Author Affiliations: Department of Hygiene and Epidemiology, University of Ioannina School of Medicine, Ioannina, Greece (Drs Siontis and Tzoulaki); Department of Epidemiology and Biostatistics, Imperial College of Medicine, London, England (Dr Tzoulaki); and Stanford Prevention Research Center, Departments of Medicine and Health Research and Policy, Stanford University School of Medicine (Dr Ioannidis), and Department of Statistics, Stanford University School of Humanities and Sciences, (Dr Ioannidis), Stanford, Connecticut.
Van Dijk et al raise several important points regarding prognostic models of chronic obstructive pulmonary disease, which would probably generalize to many other diseases. Prognostic tools should be evaluated in several sequential stages: initial model performance (model development), prospective validation in independent cohorts (external validation of a model), impact on patient management and outcome, and cost-effectiveness.1,2 However, even for established and widely used prognostic tools, many of these steps suffer from methodological limitations and, in many cases, are missing. Van Dijk et al are correct to highlight the paucity of evidence around their impact on patient management and clinical outcomes. Such important evidence would ideally come from randomized control trials, which compare the outcomes of patients whose treatment is guided by the proposed prognostic tool with the outcomes of patients who are treated without it. However, there are so many prognostic tools, that it is impossible to evaluate all of them in randomized control trials. Efforts should focus around those with most promising results.3 In selecting which models to test in randomized trials, one may wish to consider not only satisfactory, validated discriminating ability, but also what is the respective change in disease management that can be anticipated; how effective are the available preventive or treatment interventions for the disease and how much room exists for improvement; what is the expected cost to get the information required for building the model and to implement it in practice; and how likely it is that the model can be used widely by nonexpert health practitioners. Going through such a checklist is likely to eliminate most of the proposed prognostic models.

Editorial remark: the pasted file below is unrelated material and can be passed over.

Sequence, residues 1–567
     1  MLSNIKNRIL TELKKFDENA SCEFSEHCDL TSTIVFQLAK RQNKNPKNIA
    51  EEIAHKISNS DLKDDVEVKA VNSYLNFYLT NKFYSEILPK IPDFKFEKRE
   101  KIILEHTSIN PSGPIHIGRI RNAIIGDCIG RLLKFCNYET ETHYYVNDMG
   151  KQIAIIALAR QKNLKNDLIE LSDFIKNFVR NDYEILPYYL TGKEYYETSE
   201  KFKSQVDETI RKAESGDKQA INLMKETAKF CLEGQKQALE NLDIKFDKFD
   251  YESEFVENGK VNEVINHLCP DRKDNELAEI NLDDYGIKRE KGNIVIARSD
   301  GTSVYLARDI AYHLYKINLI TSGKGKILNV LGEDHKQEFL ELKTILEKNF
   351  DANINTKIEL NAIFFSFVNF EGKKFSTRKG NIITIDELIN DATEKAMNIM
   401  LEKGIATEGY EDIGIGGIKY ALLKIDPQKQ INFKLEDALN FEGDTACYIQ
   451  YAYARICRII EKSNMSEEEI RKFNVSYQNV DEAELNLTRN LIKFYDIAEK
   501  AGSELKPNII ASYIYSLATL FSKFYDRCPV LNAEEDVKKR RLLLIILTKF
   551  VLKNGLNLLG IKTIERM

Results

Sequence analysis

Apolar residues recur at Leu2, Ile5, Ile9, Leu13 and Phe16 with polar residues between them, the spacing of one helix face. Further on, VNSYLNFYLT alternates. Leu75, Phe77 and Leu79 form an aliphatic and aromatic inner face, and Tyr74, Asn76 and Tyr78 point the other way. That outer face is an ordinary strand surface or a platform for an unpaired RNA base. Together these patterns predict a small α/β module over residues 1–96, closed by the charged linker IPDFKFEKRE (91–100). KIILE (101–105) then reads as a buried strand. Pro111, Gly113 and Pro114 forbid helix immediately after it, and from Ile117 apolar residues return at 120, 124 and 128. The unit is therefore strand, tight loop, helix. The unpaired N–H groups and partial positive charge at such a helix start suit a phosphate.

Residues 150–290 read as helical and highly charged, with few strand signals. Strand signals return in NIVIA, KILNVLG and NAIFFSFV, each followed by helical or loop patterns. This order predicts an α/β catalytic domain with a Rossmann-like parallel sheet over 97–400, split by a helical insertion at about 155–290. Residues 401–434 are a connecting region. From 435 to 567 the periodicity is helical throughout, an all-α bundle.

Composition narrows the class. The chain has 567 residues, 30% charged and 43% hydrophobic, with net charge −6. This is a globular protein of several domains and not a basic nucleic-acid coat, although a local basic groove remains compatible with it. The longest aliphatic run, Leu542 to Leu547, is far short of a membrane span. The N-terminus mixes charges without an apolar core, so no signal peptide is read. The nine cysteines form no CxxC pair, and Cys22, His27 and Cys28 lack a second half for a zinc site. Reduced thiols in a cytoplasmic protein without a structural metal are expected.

Siontis GCM, Tzoulaki I, Ioannidis JPA. The Clinical Utility of Prognostic Indices: The Proof of the Pudding Is in the Eating—Reply. Arch Intern Med. 2012;172(2):194-195. doi:10.1001/archinte.172.2.195-a